This is a recurring theme in stuff I’m reading as well as in conversations. It’s not so much despair as resignation. Despair would imply that you have a goal but have failed to attain it. Resignation is when you realise that your goal doesn’t matter. And resignation seems to colour the zeitgeist quite thoroughly right now – the only remaining optimists are the religious fundamentalists and accelerationist of different stripes.

One of the ideas I floated to my friends after the last election (which saw a right-nationalist government take over from the previous centrists) was that we ought to start a political party which only focuses on one issue. This in itself isn’t new – there are populist parties and movements all the time – but I’m interested in what issue might give the biggest progressive leverage regardless of the political colour one has to collaborate with.

Worst case scenario: What single-issue would make such a disproportional progressive impact that it would be worth to collaborate even with the most toxic idiots of the far right? You’re sitting at the negotiating table with a bunch of wannabe nationalist socialist romatics from SD, and if they give in on one issue you’ll lend them your support. What would that issue be?

Depending on if we’re doing this locally, regionally or nationally, the issues will differ. Right now I only have two suggestions: A complete ban on private car use in the inner city of Gothenburg (a local issue) or a hard limit on the salary for public employees (with countermeasures in place for attempts to subvert this via bonuses, etc.). Both would have huge knock-on effects, which on the face of it would be progressive (citation needed).

Do you have any other suggestions for one law, policy, activity or ordinance that would have a disproportionally progressive effect regardless of which political coalition is in power? I’m all ears, let’s do this! There’s only three years left and we probably need to make some research and print some leaflets!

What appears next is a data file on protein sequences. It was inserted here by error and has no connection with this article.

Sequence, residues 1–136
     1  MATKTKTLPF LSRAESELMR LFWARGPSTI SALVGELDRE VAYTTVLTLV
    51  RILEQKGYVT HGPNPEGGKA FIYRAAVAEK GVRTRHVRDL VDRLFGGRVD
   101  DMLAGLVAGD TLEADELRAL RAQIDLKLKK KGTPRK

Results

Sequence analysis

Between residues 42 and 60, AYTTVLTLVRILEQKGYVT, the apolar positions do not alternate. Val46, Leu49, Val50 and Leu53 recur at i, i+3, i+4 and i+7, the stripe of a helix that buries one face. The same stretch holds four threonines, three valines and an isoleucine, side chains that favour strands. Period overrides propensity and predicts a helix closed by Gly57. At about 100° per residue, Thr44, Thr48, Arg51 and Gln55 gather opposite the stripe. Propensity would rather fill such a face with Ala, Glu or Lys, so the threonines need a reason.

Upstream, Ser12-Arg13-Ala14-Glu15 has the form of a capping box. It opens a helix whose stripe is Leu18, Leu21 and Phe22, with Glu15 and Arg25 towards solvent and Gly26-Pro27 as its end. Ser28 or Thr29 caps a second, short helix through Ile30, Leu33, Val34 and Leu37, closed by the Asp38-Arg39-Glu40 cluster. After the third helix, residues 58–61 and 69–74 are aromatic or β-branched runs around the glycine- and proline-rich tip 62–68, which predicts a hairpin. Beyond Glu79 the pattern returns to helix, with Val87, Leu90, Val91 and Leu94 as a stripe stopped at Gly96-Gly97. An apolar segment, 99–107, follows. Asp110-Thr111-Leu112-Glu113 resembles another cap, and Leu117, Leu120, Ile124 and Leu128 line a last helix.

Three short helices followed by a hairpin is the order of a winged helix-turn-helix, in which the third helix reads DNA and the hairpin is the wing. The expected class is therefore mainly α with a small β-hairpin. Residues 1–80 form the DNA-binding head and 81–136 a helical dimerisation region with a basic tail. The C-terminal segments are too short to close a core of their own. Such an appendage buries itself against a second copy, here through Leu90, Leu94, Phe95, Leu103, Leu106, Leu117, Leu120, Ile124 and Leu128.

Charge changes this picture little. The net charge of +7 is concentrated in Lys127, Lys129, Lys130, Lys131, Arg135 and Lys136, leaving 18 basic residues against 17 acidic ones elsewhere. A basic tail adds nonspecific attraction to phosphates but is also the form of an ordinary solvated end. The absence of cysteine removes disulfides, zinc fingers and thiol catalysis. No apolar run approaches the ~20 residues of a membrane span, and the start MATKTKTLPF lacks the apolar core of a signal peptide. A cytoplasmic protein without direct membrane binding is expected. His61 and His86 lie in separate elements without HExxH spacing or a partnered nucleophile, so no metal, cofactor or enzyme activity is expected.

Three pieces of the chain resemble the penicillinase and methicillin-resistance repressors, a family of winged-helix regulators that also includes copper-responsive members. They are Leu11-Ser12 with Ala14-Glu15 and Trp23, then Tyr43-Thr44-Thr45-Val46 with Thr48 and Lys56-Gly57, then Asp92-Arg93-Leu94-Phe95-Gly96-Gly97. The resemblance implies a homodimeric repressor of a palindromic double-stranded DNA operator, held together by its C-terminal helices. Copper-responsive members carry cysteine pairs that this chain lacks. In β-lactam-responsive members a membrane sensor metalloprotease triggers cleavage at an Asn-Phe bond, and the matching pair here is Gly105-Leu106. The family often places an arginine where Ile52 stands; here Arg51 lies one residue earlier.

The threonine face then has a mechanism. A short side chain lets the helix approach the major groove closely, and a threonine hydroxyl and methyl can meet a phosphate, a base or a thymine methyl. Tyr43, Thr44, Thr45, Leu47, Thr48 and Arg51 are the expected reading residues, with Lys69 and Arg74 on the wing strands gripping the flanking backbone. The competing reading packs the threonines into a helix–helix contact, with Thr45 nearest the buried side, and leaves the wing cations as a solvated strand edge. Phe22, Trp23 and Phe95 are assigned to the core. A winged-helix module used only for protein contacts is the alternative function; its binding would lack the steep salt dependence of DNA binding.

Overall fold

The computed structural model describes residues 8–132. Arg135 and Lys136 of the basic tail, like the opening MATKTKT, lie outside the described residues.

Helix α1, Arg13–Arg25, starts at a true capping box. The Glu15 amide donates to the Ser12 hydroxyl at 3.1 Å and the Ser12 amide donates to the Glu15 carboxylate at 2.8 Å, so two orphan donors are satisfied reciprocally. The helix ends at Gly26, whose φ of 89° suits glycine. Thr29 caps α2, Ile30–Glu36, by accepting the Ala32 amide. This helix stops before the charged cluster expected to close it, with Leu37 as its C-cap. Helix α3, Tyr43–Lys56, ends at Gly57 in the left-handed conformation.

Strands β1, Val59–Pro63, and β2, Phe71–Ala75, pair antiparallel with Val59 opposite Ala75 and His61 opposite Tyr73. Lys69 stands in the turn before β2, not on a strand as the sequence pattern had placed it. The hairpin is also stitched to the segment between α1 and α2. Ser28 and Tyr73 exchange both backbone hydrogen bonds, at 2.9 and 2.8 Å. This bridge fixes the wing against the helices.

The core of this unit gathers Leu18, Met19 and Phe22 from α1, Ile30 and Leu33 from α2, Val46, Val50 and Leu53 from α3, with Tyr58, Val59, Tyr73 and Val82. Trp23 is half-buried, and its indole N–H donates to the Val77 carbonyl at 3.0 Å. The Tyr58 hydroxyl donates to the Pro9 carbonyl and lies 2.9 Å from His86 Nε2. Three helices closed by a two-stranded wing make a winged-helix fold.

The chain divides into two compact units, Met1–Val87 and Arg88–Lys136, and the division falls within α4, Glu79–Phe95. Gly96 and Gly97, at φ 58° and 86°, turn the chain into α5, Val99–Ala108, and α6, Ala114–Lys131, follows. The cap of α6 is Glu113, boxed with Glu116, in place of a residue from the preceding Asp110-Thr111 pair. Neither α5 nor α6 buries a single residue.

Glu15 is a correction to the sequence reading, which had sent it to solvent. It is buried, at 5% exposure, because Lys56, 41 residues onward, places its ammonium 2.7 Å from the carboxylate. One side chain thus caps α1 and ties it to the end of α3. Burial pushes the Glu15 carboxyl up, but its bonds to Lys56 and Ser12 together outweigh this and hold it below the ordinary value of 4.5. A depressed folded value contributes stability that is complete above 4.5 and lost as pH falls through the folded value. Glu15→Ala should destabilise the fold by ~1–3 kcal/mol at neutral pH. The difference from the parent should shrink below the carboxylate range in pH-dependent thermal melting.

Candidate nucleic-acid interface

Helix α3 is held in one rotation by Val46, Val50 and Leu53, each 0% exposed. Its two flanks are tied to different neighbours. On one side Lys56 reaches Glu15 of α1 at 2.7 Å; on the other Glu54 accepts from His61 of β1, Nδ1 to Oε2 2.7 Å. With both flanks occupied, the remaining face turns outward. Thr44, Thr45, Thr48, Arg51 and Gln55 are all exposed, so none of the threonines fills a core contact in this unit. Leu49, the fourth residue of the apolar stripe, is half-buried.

Reading and doing

I’m back from a short vacation to Side (Turkey) which I spent reading and drinking beer. Also, looking at ruins. Side is an odd place where a contemporary charter tourist village has sprung up literally built on top of 2000 year old ruins. As a result, you see ancient brickabrack all over the place – they use marble columns as doorstops – which in another context would be in a museum.

Anywho. Since I’m reading a lot (mostly related to my UX studies) I’m starting to feel mentally constipated. I need to put some of the stuff into practice, or I’m going to forget it, which seems a waste of my time. So: Going forward I’ll pursue some simple ideas/projects/experiments to implement what I learn from the books (as well as the IxDF courses I’m taking on the side), but with a rule not to turn them into huge projects or guilt-tripping obligations – I’m just doing it to experiment, learn and get feedback. Sounds like fun?

Speaking of which, I’m thinking of tidying this blog up a bit. Adding some “best of” posts in the left column and maybe even have categories of some sort. I know my readership here is in the single digits, but I ought to be able to use some material to inform a professional profile – my approach to work, research, thinking, etc. If you have opinions, get in touch through mail or on Linkedin.

Look who’s talking! (AI toys and tools)